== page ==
Since I am socialized in Germany and have the best insights in German culture, I use this culture to illustrate the model explained above. Of course, Germany is a diverse country and this is just a model that cannot depict everything. Nevertheless, especially the values and norms of the core are shared by the majority of Germans. I start with these to show how they affect the outer layers.
If you ask around about German values, it is most likely that many instantly say honesty. This value is reflected in rituals like how they handle conflict. If there is a conflict between two people, it is most likely that this conflict is directly addressed to solve it. In general, the style of communication is relatively direct and directness is perceived as honesty. Concerning heroes or rather role models, in the political sphere Germans tend to like and vote for politicians that are rather trustworthy and sincere and don’t put up a big show. Maybe that’s one of the reasons Angela Merkel is so successful. The saying Ehrlich währt am längsten (honesty is the best policy) reflects this value on a symbolic level and is often quoted when someone has to decide to say the truth or lie for his own benefit. It reflects a strong belief that honesty will be rewarded in the long run. On the other hand, the fairy tale Pied Piper of Hamelin teaches children that dishonesty will have severe consequences.
Another crucial value for Germans is hard work. In some companies, it is customary (a ritual) for the manager to be the first to come and the last to leave the office in order to prove his ethics of hard work. People who became successful because of discipline and hard work, are valued a lot. A good example is the German national soccer team or any other athlete. Many of the German heroes of today are athletes. The Swabian proverb Schaffe, schaffe, Häuslebauer (work hard, homebuilder) hits the nail on the head and motivates students to work hard to be able to build a home one day. The well maintained homes and gardens reflect these work ethics.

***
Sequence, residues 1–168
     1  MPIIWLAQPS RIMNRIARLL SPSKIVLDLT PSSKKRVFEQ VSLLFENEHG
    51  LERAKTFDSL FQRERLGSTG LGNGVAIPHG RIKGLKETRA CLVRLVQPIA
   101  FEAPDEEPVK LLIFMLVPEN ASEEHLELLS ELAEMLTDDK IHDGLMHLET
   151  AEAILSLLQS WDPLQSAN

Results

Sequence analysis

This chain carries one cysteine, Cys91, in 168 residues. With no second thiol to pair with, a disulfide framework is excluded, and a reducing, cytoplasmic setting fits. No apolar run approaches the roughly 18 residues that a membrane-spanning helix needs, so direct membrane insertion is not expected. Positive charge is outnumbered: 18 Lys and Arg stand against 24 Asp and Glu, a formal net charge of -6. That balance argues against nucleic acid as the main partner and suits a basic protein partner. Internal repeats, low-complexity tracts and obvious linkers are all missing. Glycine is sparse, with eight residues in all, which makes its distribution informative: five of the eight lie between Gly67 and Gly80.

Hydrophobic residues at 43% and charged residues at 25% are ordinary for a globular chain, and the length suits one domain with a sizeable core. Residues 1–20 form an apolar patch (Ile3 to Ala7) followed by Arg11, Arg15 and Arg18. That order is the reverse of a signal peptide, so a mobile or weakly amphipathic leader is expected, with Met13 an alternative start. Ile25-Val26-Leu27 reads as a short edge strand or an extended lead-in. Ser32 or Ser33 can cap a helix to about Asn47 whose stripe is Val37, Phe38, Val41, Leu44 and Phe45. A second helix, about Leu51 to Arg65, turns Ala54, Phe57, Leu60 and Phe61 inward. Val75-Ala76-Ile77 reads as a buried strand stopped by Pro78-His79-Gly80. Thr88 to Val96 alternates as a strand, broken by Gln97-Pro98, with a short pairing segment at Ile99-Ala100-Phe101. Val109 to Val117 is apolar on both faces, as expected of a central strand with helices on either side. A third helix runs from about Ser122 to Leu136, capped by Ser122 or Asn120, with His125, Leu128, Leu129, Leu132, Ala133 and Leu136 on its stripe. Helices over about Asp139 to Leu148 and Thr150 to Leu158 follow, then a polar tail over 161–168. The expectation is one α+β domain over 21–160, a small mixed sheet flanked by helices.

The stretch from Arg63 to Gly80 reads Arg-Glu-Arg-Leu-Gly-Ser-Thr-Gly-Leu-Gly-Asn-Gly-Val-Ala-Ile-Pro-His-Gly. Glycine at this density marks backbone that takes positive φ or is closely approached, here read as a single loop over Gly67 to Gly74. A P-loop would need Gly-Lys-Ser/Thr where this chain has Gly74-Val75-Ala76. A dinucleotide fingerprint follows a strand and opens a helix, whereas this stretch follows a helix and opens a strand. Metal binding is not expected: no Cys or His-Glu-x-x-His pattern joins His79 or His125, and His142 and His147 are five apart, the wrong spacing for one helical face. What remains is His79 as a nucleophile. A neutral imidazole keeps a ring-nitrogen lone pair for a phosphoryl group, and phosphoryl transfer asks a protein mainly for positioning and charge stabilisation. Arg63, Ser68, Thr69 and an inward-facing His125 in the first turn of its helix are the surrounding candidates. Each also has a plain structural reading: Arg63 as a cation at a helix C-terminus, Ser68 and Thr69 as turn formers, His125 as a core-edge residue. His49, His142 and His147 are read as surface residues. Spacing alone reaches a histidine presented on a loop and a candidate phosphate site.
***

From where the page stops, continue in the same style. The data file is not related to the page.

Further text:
Of course, punctuality is another important value for Germans. Its importance is seen when traveling on trains throughout the country: though the Deutsche Bahn is generally very reliable, every so often there is a delay which contradicts the German value of punctuality so much that people start complaining about it. Then, they even talk to strangers which happens rarely in Germany due to the norm of not interfering in other people’s personal space.. The German a cappella band Wise Guys even dedicated a song to the Deutsche Bahn and its unpunctuality (yes, the Germans have a special love-hate relationship with their train system):
In almost every room you can find a clock, many people wear watches and they tend to plan everything well to be on time for basically everything. Timetables of public transportation is timed down to the minute. I think the value of punctuality is closely tied to other German values like hard work, efficiency and order.
For further research:
Geert Hofstede: Think Locally, Act Globally: Cultural Constraints in Personnel Management, Vol. 38, Cross-Cultural and Comparative International Human Resource Management (1998), pp. 7-26